Return to story

'Skins need to find spot for LaVar

October 16, 2005 1:06 am

AS STELLAR as the Washing- ton Redskins have been, it's foolish to think that they don't need LaVar Arrington on the field. The defense has been terrific at keeping offenses out of the end zone, but the unit hasn't been able to force turnovers or get to the quarterback. Arrington made his name by creating turnovers and putting pressure on the passer, specializing in both of the defensive deficiencies hindering Washington. The bottom line is that the Redskins are bleeding, and he could very well be the team's Band-Aid. If he is in fact the team's Band-Aid, they've opted to let the blood drip. Leaving him in the first-aid kit.

Though he is a proven playmaker known for his disruptiveness, Arrington's career took its first terrible turn in Week 2 of the 2004 campaign. During just his second game under his fourth coaching staff with the Redskins, the sixth-year Penn State product suffered a severe knee injury. His season wasn't yet two games old, but when the injury occurred Arrington had already tallied 13 tackles, a sack and two batted passes. The Redskins went on without their vocal leader, posting the league's third-best defensive unit without their top player.

Arrington worked all offseason to rehabilitate his leg, meeting every requirement set by his coaches. Five weeks into the 2005 season, Arrington's knee is a non-issue and the All-Pro talent is ready to focus on ball-carriers, rather than the agility tests that kept him occupied over the offseason. Unfortunately for Arrington, though, the coaches who compose the lineup each weekend aren't nearly as eager to see the three-time Pro-Bowler make his return to glory. Gregg Williams, Gibbs' assistant head coach and the mastermind behind Washington's upper-echelon defense, views Arrington more as a liability than as a weapon.

The bottom line is that Arrington is as gifted an athlete as the Redskins have ever possessed. The team needs him as badly as Kathy Lee needed Regis Philbin. He's an engaging individual and a student of the game, who has developed into a locker-room leader over the past few seasons. At 6-3 and 255 pounds, Arrington makes a much better outside linebacker than he does a cheerleader, the role he's played this season. There isn't another team in football that would even consider sitting Arrington. He is the total package and an elite outside linebacker. A five-year starter, he is an established pass-rushing threat with enough athleticism to cover receivers in the middle of the field.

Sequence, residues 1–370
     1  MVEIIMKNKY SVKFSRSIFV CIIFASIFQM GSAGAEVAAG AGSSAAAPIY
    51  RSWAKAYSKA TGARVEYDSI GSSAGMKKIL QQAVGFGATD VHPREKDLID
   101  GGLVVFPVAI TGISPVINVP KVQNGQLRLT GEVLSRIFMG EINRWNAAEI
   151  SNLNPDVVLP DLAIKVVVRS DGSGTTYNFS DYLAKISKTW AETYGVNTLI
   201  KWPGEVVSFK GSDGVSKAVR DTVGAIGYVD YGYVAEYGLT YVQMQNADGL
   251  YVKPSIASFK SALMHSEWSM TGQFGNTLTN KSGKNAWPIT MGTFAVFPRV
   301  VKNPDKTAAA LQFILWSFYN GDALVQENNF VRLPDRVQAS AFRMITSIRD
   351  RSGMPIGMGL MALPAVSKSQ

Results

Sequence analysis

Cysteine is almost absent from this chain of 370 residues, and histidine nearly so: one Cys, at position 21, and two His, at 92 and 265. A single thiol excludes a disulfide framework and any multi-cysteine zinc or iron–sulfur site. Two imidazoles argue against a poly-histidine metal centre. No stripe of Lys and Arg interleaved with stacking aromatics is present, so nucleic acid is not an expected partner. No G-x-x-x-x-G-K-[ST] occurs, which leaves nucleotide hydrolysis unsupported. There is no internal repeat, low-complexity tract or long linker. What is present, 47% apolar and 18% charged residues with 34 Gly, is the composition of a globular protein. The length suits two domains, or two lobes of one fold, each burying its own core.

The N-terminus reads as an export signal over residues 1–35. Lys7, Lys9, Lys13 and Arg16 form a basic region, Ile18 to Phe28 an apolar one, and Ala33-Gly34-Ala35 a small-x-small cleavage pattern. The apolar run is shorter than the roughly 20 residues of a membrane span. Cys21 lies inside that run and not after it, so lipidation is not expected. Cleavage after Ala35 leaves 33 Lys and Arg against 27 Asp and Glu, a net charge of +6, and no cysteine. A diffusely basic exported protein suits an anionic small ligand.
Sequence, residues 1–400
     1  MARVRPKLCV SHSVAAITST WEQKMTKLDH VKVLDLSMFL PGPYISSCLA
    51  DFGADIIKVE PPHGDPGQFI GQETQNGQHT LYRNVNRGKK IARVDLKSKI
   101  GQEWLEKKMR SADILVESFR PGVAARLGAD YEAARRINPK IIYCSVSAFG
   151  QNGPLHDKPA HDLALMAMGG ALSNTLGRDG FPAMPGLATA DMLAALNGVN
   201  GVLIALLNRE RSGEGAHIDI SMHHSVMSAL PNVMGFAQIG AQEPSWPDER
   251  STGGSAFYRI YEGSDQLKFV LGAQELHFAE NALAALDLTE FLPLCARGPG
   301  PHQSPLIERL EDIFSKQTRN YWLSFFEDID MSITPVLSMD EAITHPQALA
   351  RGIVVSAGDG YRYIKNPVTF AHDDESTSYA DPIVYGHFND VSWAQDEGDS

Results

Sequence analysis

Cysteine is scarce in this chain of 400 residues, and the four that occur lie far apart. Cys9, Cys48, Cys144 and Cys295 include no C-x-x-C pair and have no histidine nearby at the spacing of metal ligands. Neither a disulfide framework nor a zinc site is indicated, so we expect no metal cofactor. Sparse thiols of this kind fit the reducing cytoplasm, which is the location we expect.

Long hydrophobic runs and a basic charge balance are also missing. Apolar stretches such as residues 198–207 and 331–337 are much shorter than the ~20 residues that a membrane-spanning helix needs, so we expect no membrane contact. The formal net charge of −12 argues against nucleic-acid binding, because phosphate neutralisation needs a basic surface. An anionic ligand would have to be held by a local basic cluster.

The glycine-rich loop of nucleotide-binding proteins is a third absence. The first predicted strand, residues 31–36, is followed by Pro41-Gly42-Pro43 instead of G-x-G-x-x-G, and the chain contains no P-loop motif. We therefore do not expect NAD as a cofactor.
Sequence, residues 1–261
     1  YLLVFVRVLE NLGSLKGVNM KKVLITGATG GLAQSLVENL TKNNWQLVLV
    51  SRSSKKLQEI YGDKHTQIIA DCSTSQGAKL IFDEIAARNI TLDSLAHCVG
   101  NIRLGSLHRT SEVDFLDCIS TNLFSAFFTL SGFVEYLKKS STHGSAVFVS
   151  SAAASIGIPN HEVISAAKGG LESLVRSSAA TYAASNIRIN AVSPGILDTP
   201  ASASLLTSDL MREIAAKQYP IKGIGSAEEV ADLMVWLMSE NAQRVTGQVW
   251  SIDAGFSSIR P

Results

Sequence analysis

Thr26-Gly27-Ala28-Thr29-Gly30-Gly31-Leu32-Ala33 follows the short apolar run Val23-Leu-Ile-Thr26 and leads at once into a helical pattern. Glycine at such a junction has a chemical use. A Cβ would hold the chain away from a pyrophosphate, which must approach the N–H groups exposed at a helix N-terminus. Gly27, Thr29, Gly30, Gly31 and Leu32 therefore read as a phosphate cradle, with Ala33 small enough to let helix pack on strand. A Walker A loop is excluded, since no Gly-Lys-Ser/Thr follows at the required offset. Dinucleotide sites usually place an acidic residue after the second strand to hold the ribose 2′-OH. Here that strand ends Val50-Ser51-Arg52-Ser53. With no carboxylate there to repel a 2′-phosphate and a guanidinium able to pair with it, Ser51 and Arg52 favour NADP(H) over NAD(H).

The knock on the charismatic fan favorite is that he lacks discipline and often freelances, traits that can't be tolerated in Williams' defense. I've watched Arrington adapt to every coach he's ever played under, including defensive stickler Marvin Lewis, now a head coach in Cincinnati. Under Lewis, Arrington played a defensive-end-type role for the first time in his career, giving up his roaming responsibilities to become a lineman in many packages. The result was an 11.5-sack season. Not bad for someone who can't adjust to systems or comply with a coach's requests.

The Redskins aren't built around any one player; look no further than the team's success without their highest-paid player. A quarter of the way through 2005, Washington's tied for first in its division and just a half-game back of the overall conference leader. The team's revamped offense has improved steadily each week, as only two teams have compiled more first downs than Joe Gibbs' Redskins. Defensively the burgundy and gold have been as stingy and stout as they were last season, currently ranking fifth among the league's 32 teams. In order to continue to succeed, though, Washington's defense is going to have to make more plays. Through four games, the Redskins have forced just one turnover and amassed a league-low four sacks.

It will take a handful of significant defensive plays for Washington to knock off the Kansas City Chiefs on the road this afternoon. Whether or not Arrington is involved in any of them is entirely up to his coaches. For now all he can do is wait for his chance to re-prove himself. One thing is certain about his confusing and controversial situation, though. I wouldn't want to be the running back carrying the football when his opportunity to make a difference comes.

GRANT PAULSEN is a 17-year-old sportswriter who lives in King George County. He hosts a talk show each Saturday on XM radio. He can be reached at The Free Lance-Star, 616 Amelia Street, Fredericksburg, Va. 22401, or by fax at 373-8455.





Copyright 2014 The Free Lance-Star Publishing Company.